If Berardi wrote the ‘Precarious Rhapsody‘, then Spring Offensive – a 5-piece band from Oxford – offer us an ode to precarity in their recently listener-funded album ‘Young Animal Hearts‘. They are very melodramatic, but whether they are to your taste or not, I think they have an uncanny ability to write refrains which point to the plight of being young in a post-crash world of competitive capitalism (recently picked up in this brilliant article by the Guardian). This is a world in which one of the most educated generations in history – one that has tirelessly rehearsed the rhetoric of aspiration and meritocracy throughout their education – now finds itself in precarity.
Let us consider two tracks. Firstly, ‘Worry Fill My Heart’ is a poem about a position that many young people find themselves in: having to borrow money from parents and/or work a job which is only a means to an end just to gain some sort of independence and freedom. The song begins with describing the boredom of the job the protagonist has had to settle for:
Oh me, oh my heart’s just not in this
I’ve felt a lagging beat since my career path shifted
And I asked no one for the life I’m leading
It dragged me in both feet first
With my tie tied too tight and an ear pressed to the clock
I am counting down the seconds until my shift is up
Don’t mention how stale we feel or we will both grind to a halt
Despite being promised that they could be ‘anything you want to be’ so long as they worked hard enough and got the grades, there is now a whole generation who have seen that dream melt into non-existence. Neoliberalism is based on losers and many twenty-somethings now face a number of stark choices: to be laden with debt through further education, to take on a job that their ‘heart is just not in’, or to suffer the stigma of being NEET. This is coupled with the experience of vertigo created by short-term contracts that keep the young forever anxious and working hard for jobs which mean nothing to them just for the slim chance of future sustainability.
This demonstrates the holes in meritocracy. Whilst asserting that we can gain independence if only we work hard enough and suffer shit jobs in the short term, the very logic of the system is based on the continued existence that this won’t be possible for everyone. It is based on the logic of inequality. Take for example the idea of ‘means testing’ financial support for further education:
All I need, is just a couple of hundred.
It should keep me for a few weeks.
I’m like a child to be asking.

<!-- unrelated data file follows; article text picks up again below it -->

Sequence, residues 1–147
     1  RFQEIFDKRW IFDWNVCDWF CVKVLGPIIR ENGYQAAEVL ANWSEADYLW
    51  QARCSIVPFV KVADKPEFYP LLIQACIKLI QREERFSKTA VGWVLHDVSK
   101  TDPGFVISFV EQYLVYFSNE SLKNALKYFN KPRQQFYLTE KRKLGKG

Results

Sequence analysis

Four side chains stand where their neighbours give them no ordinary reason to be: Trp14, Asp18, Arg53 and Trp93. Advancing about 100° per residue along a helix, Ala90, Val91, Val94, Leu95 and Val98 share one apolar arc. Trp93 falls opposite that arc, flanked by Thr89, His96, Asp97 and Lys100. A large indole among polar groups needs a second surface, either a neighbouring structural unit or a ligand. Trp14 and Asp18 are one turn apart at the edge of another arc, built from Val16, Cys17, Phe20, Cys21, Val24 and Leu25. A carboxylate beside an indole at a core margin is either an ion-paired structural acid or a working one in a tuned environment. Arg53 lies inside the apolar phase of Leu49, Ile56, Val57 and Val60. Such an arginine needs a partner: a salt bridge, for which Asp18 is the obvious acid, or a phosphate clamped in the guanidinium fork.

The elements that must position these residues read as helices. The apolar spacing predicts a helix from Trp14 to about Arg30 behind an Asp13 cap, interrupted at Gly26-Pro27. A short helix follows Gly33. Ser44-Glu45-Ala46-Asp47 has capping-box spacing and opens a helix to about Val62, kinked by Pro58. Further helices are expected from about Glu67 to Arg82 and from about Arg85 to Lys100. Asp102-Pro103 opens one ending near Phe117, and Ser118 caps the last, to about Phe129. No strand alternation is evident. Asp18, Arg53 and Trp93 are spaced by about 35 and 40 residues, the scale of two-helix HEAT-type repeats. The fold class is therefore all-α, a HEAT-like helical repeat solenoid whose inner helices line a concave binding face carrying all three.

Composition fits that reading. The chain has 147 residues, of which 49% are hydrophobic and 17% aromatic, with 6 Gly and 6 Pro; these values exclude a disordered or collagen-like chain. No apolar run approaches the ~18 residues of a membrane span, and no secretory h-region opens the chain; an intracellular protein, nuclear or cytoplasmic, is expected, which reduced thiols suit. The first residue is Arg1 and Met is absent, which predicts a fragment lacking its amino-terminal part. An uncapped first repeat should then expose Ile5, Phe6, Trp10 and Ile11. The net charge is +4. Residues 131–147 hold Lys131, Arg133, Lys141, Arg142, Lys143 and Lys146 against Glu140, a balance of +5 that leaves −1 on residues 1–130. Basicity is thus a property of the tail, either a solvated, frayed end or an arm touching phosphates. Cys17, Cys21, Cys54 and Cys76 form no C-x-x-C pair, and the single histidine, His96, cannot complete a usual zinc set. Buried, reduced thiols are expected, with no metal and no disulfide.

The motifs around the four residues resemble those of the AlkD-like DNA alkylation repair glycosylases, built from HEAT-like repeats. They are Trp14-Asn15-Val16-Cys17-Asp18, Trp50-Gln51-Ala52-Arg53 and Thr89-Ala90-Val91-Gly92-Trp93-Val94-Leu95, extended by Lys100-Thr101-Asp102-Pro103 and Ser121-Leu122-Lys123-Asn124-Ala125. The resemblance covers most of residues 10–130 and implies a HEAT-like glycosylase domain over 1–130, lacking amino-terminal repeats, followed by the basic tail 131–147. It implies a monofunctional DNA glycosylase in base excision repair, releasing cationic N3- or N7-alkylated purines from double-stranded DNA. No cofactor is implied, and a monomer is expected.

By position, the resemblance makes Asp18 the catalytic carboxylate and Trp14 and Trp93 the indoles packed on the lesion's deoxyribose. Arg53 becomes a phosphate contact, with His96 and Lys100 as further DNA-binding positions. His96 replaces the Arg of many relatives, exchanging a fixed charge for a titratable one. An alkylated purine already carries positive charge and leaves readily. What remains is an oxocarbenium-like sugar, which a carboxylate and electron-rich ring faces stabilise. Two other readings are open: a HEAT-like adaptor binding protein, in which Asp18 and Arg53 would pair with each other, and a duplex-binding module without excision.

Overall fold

And if I can’t pay my rent then I’m completely dependant
I never thought that I would be so in line with convention
How dare I even think that I could be any exception?
Whither the promise of self-respect and self-fulfilment in a culture that considers your personal wealth as based on your parents? I’m not saying, of course, that this shouldn’t be the case, but only that the problem is one of structural inequality not individual failings. A rising tide does not lift all boats and there is no trickle down for those who have sunk, let alone opportunities for self-respect and true independence. We find ourselves in a utopian system that is based on aspirations; not realities.
The same themes are probed into even more deeply in the fantastic precarious love song ‘No Assets’ which considers the personal impacts of serving the needs of the market over one’s personal fulfilment. We join the story with a couple trying to decide which of their beloved possessions (or ‘assets’) they should sell in order to raise much-needed money:
So we gather in a big heap all that we own,
We couldn’t work out what to keep and what to throw
If it doesn’t mean the world then they have to go.
We need the money…
Oh our parents didn’t wait for this long to have big ideas and buy up big homes
But our young blood could never be so bold.
Can’t help but feel like we’re at fault. Can’t help but feel like we’re at fault.
When everything is measured by money and market standards, then even our own possessions and biographies simply become ‘assets’ that need to be sold. Furthermore, the stress of being measured by money puts psychological pressure on the individual and emotional pressure on the relationship:
You said you’re sick of not sleeping and money would change this completely
The future is investments and pay-days, and I think that we should start saving…
If we’re serious then we should start saving,
We’re serious, so we should start saving,
We’re serious, so we should start saving up…
Love itself is measured economically by the ability to save. No longer a commitment or fidelity to one another, a relationship appears as something that should be economically invested in for the future.
No assets are kept as the debt unfolds
I cannot help but feel that we’re at fault,
The depth of our debt is deeper than love
The measure of which is stronger than us.
There is a universal contradiction in capitalism which effects all (no matter how well-off you are to begin with) in that it must rely on inequality and exclusion. Feelings of worthlessness and precariousness abound even for those who are supposed to be the ‘winners’ and this points to an inherently flawed logic. As previous generations work longer and businesses are run for efficiency (and profit) rather than for the benefit of their employee’s, it is the young that suffer the most. Yet is seems that they are so precarious that they would rather run their own services voluntarily than take the risk to bring about positive change.